~ by Trevor Phipps ~
Newmont Mining, which owns and operates the local Cripple Creek and Victor (CC&V) gold mine, holds regular community meetings to keep residents informed of their company’s ongoing operations, both in the district and on a national and international scale.
At last week’s meeting at the Cripple Creek Heritage Center, Newmont representatives outlined more details regarding their recently announced joint venture with rival Barrick Gold, and their $200 million underground exploration project.
The meeting for March was originally scheduled earlier in March on the day that the blizzard hit the region, so it was rescheduled for last Wednesday.
Not surprisingly, the CC&V general manager, Mike Schaffner, was asked how fast the winds were on mine property the day of the near-record spring blizzard. The CC&V manager said that winds got up to over 80 miles per hour. Then, they were so strong that they blew down the mine’s main weather station and many of their wind speed sensors, according to Schaffner.
The Heritage Center forum started with presentations from mine employees about the merger that recently took place between Newmont and Barrick. According to Schaffner, Barrick attempted a hostile takeover and tried to buy Newmont out of all of its Nevada mining assets.
However, after negotiations between the two giant mining companies, Barrick ended up making a joint venture agreement that gives Barrick 61.5 percent share of all of the company’s assets in the state of Nevada. Newmont now only owns 38.5 percent of their former Nevada mining assets.
However, during the meeting the mine’s manager assured everyone that the joint venture would not have any impact on the CC&V mine. Since the deal only had to do with properties Newmont owned in Nevada, nothing will change with the assets Newmont controls in Colorado. Moreover, CC&V officials reassured the public that mining operations at the CC&V location would run business as usual and that the deal they have for refining concentrates in Nevada would still take place.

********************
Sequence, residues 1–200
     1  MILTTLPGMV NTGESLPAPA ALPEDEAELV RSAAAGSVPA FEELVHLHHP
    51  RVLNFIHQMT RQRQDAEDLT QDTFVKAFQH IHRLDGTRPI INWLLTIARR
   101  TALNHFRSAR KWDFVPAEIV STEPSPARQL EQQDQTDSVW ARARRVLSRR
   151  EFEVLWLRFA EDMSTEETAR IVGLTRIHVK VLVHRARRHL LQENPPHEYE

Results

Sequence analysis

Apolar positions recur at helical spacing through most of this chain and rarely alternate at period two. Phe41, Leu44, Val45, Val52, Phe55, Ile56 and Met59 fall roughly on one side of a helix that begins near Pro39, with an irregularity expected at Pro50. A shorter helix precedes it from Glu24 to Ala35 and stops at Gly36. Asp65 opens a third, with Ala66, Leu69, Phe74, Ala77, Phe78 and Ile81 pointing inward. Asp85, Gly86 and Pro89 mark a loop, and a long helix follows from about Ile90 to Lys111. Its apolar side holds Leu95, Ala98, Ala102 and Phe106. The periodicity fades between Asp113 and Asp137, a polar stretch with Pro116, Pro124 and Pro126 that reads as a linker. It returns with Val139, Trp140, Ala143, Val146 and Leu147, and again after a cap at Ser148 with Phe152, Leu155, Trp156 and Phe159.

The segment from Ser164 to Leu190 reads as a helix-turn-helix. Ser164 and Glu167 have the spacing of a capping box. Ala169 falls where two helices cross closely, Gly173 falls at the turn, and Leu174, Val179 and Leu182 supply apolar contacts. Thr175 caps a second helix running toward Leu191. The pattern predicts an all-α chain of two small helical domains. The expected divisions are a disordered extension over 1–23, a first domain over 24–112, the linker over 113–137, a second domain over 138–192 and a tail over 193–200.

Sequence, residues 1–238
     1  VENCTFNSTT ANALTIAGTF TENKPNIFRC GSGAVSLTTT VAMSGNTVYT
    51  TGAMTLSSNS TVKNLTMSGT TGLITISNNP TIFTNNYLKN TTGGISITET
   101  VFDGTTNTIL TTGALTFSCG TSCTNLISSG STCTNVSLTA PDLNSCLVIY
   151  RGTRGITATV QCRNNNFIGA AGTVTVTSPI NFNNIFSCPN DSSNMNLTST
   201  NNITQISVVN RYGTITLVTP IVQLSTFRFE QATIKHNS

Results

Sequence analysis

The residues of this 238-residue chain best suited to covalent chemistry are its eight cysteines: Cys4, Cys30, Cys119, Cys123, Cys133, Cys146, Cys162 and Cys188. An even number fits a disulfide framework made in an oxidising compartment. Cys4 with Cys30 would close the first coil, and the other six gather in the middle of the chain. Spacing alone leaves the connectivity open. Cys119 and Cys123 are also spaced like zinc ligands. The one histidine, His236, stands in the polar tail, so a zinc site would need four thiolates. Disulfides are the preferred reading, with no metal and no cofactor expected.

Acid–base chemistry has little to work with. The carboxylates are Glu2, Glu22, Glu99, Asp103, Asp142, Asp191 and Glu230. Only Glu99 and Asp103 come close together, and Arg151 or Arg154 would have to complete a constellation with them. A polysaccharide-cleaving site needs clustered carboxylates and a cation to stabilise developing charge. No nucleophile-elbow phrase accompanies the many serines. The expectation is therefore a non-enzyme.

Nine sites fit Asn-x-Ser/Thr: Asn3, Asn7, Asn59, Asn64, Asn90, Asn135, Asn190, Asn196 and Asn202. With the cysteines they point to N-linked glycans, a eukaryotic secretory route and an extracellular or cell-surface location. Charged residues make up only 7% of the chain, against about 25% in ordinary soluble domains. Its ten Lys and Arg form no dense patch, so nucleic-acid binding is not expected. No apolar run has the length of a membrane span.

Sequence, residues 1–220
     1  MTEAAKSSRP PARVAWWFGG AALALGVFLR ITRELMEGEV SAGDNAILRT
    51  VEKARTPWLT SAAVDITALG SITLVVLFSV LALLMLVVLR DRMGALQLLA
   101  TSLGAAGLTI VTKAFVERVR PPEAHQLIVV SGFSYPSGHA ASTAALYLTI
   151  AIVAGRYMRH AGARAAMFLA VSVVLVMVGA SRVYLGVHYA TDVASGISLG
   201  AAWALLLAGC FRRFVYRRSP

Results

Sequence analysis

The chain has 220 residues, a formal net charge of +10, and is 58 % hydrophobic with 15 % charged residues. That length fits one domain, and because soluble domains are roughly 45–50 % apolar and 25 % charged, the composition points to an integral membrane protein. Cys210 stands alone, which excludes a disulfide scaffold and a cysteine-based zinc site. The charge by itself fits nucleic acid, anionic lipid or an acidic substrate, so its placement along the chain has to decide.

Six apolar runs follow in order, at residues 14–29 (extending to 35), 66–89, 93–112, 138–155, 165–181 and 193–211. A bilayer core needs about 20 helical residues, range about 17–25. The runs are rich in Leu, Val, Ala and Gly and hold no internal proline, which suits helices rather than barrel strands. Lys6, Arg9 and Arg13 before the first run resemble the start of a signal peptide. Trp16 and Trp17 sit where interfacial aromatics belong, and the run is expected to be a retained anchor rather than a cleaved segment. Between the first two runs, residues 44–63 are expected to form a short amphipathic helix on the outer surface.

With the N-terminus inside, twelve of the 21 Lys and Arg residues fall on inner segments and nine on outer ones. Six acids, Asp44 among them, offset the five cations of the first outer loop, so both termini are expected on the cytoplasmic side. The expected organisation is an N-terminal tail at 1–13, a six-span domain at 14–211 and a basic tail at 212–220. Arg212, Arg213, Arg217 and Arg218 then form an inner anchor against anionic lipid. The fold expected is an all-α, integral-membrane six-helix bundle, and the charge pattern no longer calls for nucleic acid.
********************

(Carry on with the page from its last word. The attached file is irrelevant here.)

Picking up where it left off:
Reliving the good old days of mining
The mine manager then spent some time at last week’s meeting talking about the company’s recent underground operation plans in more detail. Schaffner started by explaining some history of mining in the area. He said that back in the day miners could only go so deep in certain areas where they found ore because they hit the water table. However, right around the time mining ceased in the area at the start of World War II in the early 1940’s, a tunnel was completed that drained the water table.
Newmont officials believe that there may be minable ore in areas deeper than the old timers could reach. However, to find the ore, the mining company must use similar methods to discover high quality gold as the miners in the early 1900’s did.
Back in the gold rush era of the late 1800s and early 1900s, miners would dig a shaft straight down into the ground where they thought there may be gold. They then would dig or blast out horizontal tunnels or drifts from their main shaft to figure out which way the vein was heading.
Recently, the mining company decided to invest $200 million in exploration operations, aimed at searching for gold in nearly the same way as miners did during the historic gold rush period. However, with today’s improved technology, the company can dig a decline that digs downward in a corkscrew like fashion instead of digging a straight shaft down into the earth. Once they get to the desired depth, they then will dig out drifts just like the miners did in the early gold rush days.
The expensive exploration efforts are expected to pay off when the company finds more ore deposits that have a high enough concentration of gold to refine and be profitable. Currently, the mining operations at CC&V are scheduled to cease in 2025. But, if the company finds more gold deposits, they could apply for permits that could extend the life of the mining operations in the Cripple Creek and Victor area.
The Newmont forum also featured talks from directors of various departments. One Newmont representative talked about the continuation of phase two of the Valley Leach Field 2 construction project that was halted in 2016. CC&V officials said that the construction project will bring 65 sub-contracted employees to the area.
The representatives from the mine also talked about their continuous reclamation efforts.
They discussed their most recent reclamation project that included reclaiming over seven acres of land near Teller 821. The mine manager warned the public that the deer have enjoyed eating the grass planted as a part of the reclamation efforts. As a result, he told residents to watch for wild animals when driving down the county road.